This was not one of the LA Times’ Healthy Skeptic columns, but it may as well have been. As that column often does, this story dampened the hype surrounding claims for pomegrante juice and pills.
We especially appreciate the point-by-point analysis of evidence that the story undertook.
A cardiologist quoted in the story said, “If people want to take them, that’s fine, but it’s not based on any scientificallly valid information….There’s no definitive clinical trial demonstrating a beneficial effect of pomegranate fruit, juice or pills in people.”
The story includes the cost of pomegranate pills.
The story included critical analysis of claims of benefit, including the overview quote: “There’s no definitive clinical trial demonstrating a beneficial effect of pomegranate fruit, juice or pills in people.”
There are potential harms of the supplement including drug interactions with several common medications including antidepressants as listed in Medlineplus. A description of these potential harms can be found at: http://www.nlm.nih.gov/medlineplus/druginfo/natural/392.html#Safety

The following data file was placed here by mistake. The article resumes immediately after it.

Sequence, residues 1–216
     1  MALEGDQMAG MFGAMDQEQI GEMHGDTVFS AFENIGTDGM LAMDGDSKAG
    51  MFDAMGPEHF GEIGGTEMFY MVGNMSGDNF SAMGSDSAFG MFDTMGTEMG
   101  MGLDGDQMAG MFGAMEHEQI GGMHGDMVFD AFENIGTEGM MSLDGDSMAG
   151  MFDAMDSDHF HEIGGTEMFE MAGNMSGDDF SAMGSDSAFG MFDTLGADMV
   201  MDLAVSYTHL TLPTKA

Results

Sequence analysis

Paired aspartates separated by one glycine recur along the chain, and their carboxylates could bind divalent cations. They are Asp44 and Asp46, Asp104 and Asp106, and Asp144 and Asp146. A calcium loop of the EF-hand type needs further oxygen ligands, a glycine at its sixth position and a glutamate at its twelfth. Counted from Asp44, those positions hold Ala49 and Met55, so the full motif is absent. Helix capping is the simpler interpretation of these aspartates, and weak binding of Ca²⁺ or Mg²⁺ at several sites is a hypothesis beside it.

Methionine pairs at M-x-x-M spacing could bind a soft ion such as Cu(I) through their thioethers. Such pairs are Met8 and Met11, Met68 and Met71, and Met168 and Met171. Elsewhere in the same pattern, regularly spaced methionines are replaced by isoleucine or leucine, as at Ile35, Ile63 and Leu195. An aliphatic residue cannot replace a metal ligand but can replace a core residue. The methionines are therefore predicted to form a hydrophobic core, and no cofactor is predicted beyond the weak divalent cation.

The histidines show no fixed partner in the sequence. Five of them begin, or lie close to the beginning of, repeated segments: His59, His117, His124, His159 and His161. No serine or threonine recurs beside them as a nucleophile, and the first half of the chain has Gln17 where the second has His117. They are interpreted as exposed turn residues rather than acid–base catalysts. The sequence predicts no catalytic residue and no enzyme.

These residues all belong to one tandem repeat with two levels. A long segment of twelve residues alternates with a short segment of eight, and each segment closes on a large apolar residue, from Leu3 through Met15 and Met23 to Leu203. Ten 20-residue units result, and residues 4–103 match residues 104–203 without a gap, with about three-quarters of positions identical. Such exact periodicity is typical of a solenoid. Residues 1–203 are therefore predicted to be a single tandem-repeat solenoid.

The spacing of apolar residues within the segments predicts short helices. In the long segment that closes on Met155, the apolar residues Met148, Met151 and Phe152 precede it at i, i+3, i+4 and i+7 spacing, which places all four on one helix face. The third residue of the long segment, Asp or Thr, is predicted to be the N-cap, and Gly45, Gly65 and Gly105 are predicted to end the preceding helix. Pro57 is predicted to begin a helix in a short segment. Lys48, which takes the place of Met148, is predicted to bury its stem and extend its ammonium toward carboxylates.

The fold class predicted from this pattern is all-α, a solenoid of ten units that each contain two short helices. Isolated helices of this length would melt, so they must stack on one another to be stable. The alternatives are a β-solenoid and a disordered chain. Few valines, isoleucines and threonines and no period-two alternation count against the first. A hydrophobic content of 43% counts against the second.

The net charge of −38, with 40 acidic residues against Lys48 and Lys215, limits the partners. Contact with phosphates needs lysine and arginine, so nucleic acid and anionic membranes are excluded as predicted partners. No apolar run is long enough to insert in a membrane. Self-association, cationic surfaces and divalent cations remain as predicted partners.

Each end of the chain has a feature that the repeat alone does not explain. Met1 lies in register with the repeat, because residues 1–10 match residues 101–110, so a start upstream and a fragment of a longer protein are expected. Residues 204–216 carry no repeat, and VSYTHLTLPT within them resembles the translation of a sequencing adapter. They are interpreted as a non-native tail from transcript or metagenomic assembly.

So there are not only questions about benefits, there are very real harms to consider as well.
Excellent point-by-point evaluation of the evidence for claims made about purported benefits for the heart and for the prostate.
No disease-mongering here.
Good sourcing with independent experts and identification of company funding for one researcher.
The ending quote delivers an appropriate contextual wrapup: “If they’re part of an overall healthy diet, I don’t object,” (Dr. John Gordon Harold, cardiologist says), but I’m not sure the ends justify the means.”
The story could have reminded readers that there is evidence for how to reduce risk of heart disease, such as smoking cessation and exercise. Also, there are a variety of therapies for erectile dysfunction.
The availability of pomegranate-containing fruit and pills is clear in the story.
Not applicable. No claims of novelty were made.
Independent reporting throughout.